The Federal Communications Commission is getting ready to make 5G mobile Internet a reality, drafting rules that would allow companies to broadcast cellular signals at far higher frequency spectrums than what we have today.
The FCC's proposed new "flexible user service rules" would allow transmission of signals in the 28, 37, 39, and 64 to 71GHz bands. All of these bands are above and beyond the 700 to 2600MHz that 4G LTE networks use, with the FCC wanting public comment on any other bands above 24GHz that could be used for 5G.
It believes that the distance limits and ease of obstruction of using the spectrum above 28GHz can be overcome, and when it does overcome these issues, 5G mobile networks can push speeds of between 1Gbps and 10Gbps - around 1GB/sec to your smartphone, through 5G. The FCC specifically cites "dynamic beam-forming antennas as an engineering advancement that can support high-frequency, high-capacity networks" reports TechSpot.
You may have noticed a "+ New" button show up on Skype recently. It seems unassuming, but it marks a pretty significant change in how the instant messaging software works. With it, you can message anyone via email, Facebook, WhatsApp, Facebook Messenger, or Twitter, and they can join the chat as a guest.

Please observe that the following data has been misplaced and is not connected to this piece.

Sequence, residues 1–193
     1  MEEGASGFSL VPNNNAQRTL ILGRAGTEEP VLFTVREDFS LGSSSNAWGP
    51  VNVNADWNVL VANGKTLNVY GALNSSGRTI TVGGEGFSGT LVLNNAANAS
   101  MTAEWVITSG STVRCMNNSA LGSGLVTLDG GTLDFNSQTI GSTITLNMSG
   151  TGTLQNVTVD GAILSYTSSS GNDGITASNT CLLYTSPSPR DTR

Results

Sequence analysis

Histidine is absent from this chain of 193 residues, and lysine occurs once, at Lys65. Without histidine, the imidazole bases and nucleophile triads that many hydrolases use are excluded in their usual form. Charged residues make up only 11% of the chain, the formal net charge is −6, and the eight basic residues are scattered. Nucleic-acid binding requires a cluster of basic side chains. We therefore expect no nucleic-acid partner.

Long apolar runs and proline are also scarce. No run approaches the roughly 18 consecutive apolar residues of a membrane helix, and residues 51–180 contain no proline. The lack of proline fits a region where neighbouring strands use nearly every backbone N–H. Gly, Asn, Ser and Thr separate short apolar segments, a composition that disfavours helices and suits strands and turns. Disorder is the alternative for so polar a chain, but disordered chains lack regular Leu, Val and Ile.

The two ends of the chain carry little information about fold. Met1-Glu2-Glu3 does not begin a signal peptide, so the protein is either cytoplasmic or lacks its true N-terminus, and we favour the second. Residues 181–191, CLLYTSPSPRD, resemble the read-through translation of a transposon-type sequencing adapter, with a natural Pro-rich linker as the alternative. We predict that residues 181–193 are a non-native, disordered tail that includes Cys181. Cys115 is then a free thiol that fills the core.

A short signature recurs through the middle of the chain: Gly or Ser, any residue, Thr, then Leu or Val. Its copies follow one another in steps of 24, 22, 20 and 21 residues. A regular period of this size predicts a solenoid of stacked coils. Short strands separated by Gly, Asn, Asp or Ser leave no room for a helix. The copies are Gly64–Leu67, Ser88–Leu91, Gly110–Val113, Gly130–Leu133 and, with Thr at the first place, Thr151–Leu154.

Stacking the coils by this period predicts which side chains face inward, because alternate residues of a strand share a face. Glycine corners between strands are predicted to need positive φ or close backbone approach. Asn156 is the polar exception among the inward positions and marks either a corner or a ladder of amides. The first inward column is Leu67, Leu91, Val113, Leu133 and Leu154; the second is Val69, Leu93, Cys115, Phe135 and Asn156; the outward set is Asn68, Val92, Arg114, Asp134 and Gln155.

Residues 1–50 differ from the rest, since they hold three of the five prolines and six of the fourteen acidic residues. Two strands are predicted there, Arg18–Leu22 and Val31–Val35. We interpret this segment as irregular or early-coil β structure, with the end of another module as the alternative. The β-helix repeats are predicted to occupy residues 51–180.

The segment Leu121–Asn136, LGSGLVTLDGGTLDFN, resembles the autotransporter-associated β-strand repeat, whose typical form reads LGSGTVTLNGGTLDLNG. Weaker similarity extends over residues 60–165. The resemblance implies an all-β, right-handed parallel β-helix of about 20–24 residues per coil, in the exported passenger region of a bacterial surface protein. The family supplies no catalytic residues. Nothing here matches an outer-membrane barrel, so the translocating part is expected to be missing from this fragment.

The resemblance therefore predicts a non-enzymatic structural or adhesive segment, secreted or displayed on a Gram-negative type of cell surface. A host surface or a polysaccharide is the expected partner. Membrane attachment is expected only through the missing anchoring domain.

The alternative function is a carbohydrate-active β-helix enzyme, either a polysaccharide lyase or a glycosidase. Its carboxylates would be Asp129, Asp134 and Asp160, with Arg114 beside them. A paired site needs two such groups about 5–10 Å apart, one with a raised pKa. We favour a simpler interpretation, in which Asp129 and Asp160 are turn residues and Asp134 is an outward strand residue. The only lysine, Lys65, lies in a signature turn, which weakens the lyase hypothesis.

It's not full-on cross-platform integration as we've seen with services like Trillian, but that's likely impossible in an official capacity, so this is the next best thing.
See it in action in the video below, which features people dancing for some reason.
Most people probably haven't even heard about MU-MIMO, but it's about to be a huge upgrade to Wi-Fi technology and speeds. We've been living with 802.11 a/b/g/n for a while, and even through the 5GHz upgrade, the overall speeds didn't leap near Gigabit, or 10GbE Ethernet.
The 'MU' in MU-MIMO stands for 'Multi-User', with it being the new Wave 2 specification of 802.11ac Wi-Fi technology. The big difference is that multiple data streams can be taken into consideration, with multiple antennas on the base station and client device blasting out data all at once. If there's four antennas on the base station, and four on your Wi-Fi card, then you can expect four streams of data simultaneously.
Anshel Sag, Staff Technologist and Technical Writer, took MU-MIMO for a spin in his research paper on MU-MIMO and 802.11ad Wi-Fi, with some interesting results. Sag reported: "In our own lab testing at Moor Insights & Strategy using off the shelf equipment at retail stores, MU-MIMO smartphones when paired with a MU-MIMO access point, experienced a 75% TCP (transmission control protocol) download performance uplift going from 260 Mbps bandwidth with three smartphones to 455 Mbps with three MUMIMO enabled smartphones. In fact, overall network bandwidth utilization actually increased as we added devices to the network, rather than decrease, which it did in the case of nonMU Wi-Fi which can partially attribute to the poor Wi-Fi performance in crowded areas".